My research interests lie at the intersection of applied behavioural economics and contemporary public policy concerns. In particular in household finance and financial decision making, using both microeconometric- and experimental methods. My research is generally concerned with cognitive biases and (sub)optimal financial choice, consumer irrationality, household consumption and wider applications to public policy.
Learning with Your Credit Card: Evidence from Consumer Responses to Penalty Fees (with John Gathergood, Hiroaki Sakaguchi & Neil Stewart). Submitted.
Relative rank and life satisfaction: evidence from US households (with Gordon Brown & John Gathergood). Submitted.
How Do Individuals Repay Their Debt? The Balance-Matching Heuristic (with John Gathergood, Neale Mahoney & Neil Stewart). American Economic Review, forthcoming. [download accepted version]
- Coverage in NBER Digest, February 2018 issue.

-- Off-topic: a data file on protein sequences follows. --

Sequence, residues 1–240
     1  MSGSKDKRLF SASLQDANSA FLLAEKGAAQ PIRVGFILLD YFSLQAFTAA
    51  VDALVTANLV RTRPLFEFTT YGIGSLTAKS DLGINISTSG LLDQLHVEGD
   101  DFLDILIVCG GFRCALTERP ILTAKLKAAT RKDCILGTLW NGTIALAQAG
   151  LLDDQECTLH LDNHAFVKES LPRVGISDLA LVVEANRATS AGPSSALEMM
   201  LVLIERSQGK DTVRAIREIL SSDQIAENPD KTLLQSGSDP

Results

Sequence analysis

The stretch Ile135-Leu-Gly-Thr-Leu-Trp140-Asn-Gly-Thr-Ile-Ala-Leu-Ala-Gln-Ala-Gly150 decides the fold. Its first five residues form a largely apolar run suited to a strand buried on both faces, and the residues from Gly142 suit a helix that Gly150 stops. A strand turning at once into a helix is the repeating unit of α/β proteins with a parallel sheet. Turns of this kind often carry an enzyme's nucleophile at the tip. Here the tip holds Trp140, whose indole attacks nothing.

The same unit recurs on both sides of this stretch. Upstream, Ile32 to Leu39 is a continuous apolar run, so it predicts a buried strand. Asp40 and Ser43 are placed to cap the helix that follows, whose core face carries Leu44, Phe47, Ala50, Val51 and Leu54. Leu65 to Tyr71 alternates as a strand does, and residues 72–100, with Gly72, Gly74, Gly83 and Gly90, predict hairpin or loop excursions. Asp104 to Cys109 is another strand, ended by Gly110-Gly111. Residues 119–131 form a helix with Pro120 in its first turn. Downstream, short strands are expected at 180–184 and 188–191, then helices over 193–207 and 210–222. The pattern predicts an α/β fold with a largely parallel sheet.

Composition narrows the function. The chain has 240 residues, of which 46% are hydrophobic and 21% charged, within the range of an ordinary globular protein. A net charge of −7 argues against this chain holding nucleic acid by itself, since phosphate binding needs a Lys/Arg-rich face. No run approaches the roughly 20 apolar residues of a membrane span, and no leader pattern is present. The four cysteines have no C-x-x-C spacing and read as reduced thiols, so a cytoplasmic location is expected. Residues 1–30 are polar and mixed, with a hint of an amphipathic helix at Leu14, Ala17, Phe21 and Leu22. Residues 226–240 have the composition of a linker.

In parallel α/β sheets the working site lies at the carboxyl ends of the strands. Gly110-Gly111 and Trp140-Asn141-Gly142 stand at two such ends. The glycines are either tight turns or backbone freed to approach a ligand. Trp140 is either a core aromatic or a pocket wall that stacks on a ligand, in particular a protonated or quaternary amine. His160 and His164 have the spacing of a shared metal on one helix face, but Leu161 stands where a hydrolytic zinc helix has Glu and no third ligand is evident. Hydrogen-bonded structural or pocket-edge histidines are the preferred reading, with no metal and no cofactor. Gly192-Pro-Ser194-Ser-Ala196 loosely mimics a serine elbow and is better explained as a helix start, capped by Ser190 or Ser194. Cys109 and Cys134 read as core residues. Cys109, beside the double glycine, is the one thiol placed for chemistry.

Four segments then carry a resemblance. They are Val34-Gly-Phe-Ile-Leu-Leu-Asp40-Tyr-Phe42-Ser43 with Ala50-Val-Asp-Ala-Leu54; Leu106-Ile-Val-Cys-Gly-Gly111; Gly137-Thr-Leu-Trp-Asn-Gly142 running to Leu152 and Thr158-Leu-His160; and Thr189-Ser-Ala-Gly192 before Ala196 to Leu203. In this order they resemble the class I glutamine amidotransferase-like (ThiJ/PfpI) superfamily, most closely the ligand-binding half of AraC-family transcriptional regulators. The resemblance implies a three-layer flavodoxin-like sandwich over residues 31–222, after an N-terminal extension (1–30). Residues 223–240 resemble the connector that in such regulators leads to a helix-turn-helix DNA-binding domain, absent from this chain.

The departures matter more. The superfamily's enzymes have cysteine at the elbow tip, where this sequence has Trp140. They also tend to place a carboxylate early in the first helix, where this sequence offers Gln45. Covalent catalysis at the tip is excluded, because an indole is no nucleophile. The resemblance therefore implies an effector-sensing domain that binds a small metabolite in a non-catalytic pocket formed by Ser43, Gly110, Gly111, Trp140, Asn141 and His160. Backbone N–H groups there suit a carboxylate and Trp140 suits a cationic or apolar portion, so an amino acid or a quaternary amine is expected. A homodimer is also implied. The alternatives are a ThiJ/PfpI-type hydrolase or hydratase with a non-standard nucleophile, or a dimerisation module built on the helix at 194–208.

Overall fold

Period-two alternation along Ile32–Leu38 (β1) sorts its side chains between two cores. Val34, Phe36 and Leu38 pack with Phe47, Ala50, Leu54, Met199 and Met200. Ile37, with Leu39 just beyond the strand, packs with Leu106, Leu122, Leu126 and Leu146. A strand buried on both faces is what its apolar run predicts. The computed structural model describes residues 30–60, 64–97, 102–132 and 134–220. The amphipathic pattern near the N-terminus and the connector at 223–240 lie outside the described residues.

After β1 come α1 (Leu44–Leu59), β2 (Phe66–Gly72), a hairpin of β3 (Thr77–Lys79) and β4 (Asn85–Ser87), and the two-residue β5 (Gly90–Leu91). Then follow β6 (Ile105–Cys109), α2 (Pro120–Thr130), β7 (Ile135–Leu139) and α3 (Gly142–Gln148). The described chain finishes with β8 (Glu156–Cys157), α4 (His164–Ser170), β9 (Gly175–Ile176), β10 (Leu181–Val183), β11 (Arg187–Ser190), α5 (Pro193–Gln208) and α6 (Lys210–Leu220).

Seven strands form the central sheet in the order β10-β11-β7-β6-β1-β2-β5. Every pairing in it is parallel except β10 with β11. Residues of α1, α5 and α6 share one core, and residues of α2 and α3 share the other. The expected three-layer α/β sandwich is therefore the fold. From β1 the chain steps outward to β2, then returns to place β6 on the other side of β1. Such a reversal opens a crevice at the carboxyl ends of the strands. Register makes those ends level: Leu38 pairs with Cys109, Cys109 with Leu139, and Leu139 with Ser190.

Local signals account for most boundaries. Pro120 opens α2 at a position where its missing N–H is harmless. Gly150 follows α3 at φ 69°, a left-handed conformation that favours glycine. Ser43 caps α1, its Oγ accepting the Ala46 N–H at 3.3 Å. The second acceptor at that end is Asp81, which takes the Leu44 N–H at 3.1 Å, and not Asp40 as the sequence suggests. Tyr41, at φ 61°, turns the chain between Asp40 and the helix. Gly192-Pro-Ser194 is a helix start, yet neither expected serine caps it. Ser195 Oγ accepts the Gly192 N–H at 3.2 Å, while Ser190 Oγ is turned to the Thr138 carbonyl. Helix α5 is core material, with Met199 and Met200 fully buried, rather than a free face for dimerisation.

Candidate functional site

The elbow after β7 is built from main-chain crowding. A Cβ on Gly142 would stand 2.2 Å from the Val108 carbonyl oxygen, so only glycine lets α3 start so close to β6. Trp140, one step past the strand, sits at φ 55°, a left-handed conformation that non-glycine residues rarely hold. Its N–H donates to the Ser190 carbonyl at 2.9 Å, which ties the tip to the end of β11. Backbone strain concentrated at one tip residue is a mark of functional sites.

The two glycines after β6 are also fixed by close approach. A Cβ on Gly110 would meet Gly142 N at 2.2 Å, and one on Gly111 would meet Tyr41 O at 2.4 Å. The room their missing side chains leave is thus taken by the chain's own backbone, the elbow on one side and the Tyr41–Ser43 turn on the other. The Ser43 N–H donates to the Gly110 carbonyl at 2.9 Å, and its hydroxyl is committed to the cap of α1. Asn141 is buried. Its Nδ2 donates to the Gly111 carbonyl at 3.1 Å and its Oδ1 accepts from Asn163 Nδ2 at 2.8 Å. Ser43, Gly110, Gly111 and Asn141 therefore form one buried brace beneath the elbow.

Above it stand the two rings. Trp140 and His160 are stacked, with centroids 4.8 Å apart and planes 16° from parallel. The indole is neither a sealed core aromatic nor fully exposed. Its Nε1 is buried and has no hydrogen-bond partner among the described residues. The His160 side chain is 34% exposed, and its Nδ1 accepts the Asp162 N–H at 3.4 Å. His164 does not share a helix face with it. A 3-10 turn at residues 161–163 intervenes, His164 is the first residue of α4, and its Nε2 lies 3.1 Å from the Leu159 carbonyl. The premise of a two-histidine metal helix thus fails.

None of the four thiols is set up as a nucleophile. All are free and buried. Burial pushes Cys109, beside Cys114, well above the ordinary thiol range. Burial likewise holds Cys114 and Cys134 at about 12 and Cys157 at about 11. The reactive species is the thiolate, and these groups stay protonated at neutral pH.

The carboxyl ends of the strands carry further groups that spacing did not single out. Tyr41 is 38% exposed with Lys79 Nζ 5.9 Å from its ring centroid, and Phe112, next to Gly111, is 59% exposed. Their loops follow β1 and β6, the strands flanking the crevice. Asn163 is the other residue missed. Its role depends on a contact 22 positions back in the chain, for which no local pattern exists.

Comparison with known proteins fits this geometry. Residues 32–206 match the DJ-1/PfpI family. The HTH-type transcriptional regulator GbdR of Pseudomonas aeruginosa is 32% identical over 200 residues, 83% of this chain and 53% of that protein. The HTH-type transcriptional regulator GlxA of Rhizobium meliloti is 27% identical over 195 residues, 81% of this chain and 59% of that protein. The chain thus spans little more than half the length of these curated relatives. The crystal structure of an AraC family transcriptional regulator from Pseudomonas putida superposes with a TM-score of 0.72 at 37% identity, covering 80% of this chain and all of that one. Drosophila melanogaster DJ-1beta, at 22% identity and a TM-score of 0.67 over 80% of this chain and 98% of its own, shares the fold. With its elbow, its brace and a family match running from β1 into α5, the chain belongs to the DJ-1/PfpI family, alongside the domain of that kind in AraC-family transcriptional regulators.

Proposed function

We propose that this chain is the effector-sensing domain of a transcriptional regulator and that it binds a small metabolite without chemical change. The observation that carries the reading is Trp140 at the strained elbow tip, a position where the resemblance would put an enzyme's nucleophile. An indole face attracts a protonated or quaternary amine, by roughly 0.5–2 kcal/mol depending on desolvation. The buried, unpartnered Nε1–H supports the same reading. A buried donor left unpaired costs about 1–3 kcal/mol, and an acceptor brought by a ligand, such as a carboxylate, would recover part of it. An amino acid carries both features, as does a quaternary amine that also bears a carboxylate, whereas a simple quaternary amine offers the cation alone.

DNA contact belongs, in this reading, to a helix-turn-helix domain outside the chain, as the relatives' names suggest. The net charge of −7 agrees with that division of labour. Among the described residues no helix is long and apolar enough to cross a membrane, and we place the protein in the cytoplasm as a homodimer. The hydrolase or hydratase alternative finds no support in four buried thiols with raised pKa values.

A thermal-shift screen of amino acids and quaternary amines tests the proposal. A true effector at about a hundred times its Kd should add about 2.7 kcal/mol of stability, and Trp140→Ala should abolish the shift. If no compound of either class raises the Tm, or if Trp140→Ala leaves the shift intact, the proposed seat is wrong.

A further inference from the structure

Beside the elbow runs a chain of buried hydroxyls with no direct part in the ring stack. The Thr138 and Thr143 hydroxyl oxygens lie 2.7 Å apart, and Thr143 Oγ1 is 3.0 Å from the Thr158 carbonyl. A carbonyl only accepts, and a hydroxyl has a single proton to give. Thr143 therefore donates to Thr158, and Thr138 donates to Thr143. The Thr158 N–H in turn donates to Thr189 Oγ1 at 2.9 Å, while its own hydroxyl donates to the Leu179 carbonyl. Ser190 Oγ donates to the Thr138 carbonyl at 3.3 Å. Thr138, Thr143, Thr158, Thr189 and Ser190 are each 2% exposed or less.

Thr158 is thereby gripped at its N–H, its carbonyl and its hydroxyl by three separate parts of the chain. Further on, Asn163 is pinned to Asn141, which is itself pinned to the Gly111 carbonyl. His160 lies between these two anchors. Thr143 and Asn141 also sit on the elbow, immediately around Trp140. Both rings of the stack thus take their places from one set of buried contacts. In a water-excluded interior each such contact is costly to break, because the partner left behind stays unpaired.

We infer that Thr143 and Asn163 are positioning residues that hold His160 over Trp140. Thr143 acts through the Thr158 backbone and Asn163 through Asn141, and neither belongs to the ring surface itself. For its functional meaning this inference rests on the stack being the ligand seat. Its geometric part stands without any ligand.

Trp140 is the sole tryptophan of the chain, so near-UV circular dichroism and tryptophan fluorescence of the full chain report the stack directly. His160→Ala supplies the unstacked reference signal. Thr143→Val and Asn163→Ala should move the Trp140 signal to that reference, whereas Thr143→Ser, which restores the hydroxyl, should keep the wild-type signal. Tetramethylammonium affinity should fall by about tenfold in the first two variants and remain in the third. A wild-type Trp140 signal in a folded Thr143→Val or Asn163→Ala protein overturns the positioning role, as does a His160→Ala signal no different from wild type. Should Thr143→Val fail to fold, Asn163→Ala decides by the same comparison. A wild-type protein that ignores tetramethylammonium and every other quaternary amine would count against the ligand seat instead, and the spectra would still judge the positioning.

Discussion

- Press coverage: The Washington Post; Bloomberg; The National; Quartz; Chicago Booth Review; CNBC; Wise Bread; NBC; The Western Australian; Kiplinger.
Financial Literacy: A Barrier to Home Ownership for the Young? (with J. Gathergood). Journal of Urban Economics, 99, 2017, pp. 62-78. [download accepted version]
Financial Literacy, Present Bias and Alternative Mortgage Products (with J.Gathergood). Journal of Banking & Finance, 78, 2017, pp. 58-83. [download accepted version]
Credit counseling: a substitute for consumer financial literacy? (with R. Disney & J. Gathergood). Journal of Pension Economics and Finance, 14(4), 2015, pp. 466-491. [download accepted version]
- Press coverage: Financial Times.
Self-Control, Financial Literacy & the Co-Holding Puzzle (with J. Gathergood). Journal of Economic Behavior & Organization, 107 (Part B), 2014, pp 455–469. [download accepted version]
Manuscripts in Preparation
A horse race between elicitation methods of Prospect Theory (with Orestis Kopsacheilis and Dennie van Dolder)
Assessing choice overload in a complex environment (with Chris Starmer & Robin Cubitt).
Simplicity seeking: Attitude to risk, not choice overload, predicts behaviour.
The certainty effect outside pairwise choice experiments (with Jonathan Schulz)